According to ESPN’s Adam Schefter the Bills are now open to trading Safety Jairus Byrd, the teams Franchise player.
Bills know wisest course of action is to trade franchise S Jairus Byrd and they now are open to dealing him, per sources. Talks ongoing.
— Adam Schefter (@AdamSchefter) October 6, 2013
Byrd had been seeking a trade since it seemed clear that the Bills were not going to come to an acceptable agreement with Byrd and he was going to be forced to play the year on a one year contract. The Bills likely had more trade leverage before the season began when teams had more salary cap space to work with and would have been able to negotiate a long term contract with Byrd. Byrd is now locked into a one year contract and has yet to play this season because of injury. It was rumored that Byrd was healthy enough to play this past Thursday but was held out of the game. In light of this new information its possible the Bills did not want Byrd to aggravate any injury that could dampen their trade possibilities.
In order to trade for Byrd a team must be able to absorb $4,881,882 in salary unless the Bills would be willing to prepay some of that money to facilitate a trade. Unless a team was willing to part with a high second round pick I would find that hard to imagine. Based on the current cap league cap space report the only teams that could absorb the charges are the Browns, Jaguars, Dolphins, Eagles, Panthers, Packers, Buccaneers, Bengals, Titans, Patriots, Broncos, and Cardinals, some of whom would have no interest for a variety of reasons. For a one year rental I could see the Panthers and Bengals both being interested in the player.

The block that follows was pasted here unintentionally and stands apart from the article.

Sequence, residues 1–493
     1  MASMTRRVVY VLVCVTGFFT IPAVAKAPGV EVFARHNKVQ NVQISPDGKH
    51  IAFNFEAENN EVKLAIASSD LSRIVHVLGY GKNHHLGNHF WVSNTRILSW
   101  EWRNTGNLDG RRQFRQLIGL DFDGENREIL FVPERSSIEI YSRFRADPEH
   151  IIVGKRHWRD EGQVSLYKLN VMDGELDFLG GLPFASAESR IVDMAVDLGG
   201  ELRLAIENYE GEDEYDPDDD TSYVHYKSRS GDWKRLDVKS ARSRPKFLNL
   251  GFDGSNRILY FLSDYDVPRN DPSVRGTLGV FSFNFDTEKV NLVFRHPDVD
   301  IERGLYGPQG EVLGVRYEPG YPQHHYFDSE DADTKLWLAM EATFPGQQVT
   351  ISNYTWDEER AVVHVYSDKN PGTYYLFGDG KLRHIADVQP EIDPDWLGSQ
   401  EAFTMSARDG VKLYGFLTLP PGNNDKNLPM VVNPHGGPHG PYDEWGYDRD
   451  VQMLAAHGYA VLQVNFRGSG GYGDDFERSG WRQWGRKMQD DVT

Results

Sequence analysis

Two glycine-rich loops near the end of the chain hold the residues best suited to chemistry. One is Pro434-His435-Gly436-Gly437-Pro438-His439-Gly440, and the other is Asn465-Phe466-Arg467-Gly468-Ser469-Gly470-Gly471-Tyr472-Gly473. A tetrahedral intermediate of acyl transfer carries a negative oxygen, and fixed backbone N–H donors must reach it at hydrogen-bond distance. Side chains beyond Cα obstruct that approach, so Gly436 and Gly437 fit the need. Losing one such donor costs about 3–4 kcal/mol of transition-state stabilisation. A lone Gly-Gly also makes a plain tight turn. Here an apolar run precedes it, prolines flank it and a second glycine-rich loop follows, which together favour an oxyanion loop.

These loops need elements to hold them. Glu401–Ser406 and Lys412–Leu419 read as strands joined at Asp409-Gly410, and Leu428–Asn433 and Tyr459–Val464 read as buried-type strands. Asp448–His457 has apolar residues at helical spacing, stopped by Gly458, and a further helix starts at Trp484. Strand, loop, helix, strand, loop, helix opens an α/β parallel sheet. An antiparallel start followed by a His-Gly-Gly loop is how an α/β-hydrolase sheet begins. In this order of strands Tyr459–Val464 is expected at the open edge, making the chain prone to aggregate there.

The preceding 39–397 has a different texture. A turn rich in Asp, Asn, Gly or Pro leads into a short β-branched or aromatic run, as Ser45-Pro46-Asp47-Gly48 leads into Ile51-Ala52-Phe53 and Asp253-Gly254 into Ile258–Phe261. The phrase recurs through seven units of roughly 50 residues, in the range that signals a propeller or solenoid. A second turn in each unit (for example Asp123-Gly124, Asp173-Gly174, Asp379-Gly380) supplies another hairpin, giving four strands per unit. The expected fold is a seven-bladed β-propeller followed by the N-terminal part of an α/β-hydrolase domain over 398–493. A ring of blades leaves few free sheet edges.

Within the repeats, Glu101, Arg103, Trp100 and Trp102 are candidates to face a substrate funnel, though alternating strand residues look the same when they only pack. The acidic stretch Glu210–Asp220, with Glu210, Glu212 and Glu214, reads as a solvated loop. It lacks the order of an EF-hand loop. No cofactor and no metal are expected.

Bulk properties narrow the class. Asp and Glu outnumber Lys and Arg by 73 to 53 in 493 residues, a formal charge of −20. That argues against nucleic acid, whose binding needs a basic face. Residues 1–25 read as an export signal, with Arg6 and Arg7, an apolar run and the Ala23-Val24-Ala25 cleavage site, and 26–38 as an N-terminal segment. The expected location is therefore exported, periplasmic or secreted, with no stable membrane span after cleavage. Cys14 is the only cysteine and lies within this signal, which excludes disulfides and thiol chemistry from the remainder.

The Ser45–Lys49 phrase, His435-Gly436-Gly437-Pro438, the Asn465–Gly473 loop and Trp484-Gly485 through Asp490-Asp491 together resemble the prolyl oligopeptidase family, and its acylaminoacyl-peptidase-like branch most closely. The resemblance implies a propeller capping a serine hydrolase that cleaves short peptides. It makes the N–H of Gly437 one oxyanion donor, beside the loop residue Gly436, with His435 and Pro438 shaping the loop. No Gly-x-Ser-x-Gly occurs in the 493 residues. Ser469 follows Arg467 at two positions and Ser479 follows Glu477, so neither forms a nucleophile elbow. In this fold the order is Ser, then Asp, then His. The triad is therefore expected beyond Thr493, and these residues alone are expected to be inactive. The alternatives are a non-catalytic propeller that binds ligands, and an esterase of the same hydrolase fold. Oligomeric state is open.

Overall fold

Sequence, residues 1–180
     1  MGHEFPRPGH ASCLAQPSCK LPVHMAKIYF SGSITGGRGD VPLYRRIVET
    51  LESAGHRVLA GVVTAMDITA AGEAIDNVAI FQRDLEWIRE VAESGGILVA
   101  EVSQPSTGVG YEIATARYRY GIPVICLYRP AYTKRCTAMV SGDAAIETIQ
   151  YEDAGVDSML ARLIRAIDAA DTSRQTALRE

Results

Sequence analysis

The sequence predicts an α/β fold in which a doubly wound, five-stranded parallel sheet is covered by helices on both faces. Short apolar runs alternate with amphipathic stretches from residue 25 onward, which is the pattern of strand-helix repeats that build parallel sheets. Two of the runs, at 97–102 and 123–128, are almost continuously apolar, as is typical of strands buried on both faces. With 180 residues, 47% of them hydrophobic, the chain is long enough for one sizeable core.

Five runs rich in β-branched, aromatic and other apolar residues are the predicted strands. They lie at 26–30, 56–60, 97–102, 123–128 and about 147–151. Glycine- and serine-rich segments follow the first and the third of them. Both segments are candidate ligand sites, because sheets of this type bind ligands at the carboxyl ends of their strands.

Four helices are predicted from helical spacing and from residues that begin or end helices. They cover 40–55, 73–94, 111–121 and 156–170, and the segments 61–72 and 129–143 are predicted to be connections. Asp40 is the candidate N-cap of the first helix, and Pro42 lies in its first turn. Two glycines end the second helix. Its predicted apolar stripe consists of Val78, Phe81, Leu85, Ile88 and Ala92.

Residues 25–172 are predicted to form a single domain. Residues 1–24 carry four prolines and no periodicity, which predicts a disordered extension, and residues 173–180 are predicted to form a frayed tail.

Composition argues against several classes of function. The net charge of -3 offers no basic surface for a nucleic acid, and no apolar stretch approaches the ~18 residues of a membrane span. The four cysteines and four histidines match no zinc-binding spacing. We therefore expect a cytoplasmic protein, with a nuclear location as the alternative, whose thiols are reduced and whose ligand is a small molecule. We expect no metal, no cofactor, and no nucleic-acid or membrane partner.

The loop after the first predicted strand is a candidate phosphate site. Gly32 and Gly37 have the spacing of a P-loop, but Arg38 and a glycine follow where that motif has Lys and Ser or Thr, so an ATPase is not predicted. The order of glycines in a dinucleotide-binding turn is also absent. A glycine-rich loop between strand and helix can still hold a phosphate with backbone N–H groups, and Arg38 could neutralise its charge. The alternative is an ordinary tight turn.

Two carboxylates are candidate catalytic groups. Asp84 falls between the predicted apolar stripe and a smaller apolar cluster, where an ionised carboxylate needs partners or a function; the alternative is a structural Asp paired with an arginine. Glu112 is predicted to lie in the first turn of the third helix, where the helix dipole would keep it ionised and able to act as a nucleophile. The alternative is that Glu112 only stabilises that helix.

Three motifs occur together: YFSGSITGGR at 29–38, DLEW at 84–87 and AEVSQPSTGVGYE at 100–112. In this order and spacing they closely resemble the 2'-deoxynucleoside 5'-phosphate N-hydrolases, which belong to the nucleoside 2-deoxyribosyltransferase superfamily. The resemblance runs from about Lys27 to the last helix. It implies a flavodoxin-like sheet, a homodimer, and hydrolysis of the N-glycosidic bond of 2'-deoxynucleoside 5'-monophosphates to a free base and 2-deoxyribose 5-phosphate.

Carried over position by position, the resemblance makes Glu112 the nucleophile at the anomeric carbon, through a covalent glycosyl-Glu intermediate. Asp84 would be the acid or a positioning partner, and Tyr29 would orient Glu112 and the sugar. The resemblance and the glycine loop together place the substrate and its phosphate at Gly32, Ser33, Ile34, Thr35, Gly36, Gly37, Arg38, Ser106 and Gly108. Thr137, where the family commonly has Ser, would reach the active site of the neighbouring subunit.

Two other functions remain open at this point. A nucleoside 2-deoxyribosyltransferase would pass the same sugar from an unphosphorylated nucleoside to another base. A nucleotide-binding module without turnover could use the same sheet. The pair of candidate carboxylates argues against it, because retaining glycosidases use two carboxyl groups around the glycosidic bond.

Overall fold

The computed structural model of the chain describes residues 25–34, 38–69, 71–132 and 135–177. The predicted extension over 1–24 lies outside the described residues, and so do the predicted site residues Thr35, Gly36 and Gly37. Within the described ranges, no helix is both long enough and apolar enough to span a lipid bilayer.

Jason is the founder of OTC and has been studying NFL contracts and the salary cap for over 15 years. Jason has co-authored two books about the NFL, Crunching Numbers and the Drafting Stage, which are widely circulated in the industry and hosts the OTC Podcast. Jason’s work has been featured in various publications including the Sporting News, Sports Illustrated, NFL Network and more. OTC is widely considered the leading authority on contract matters in the NFL.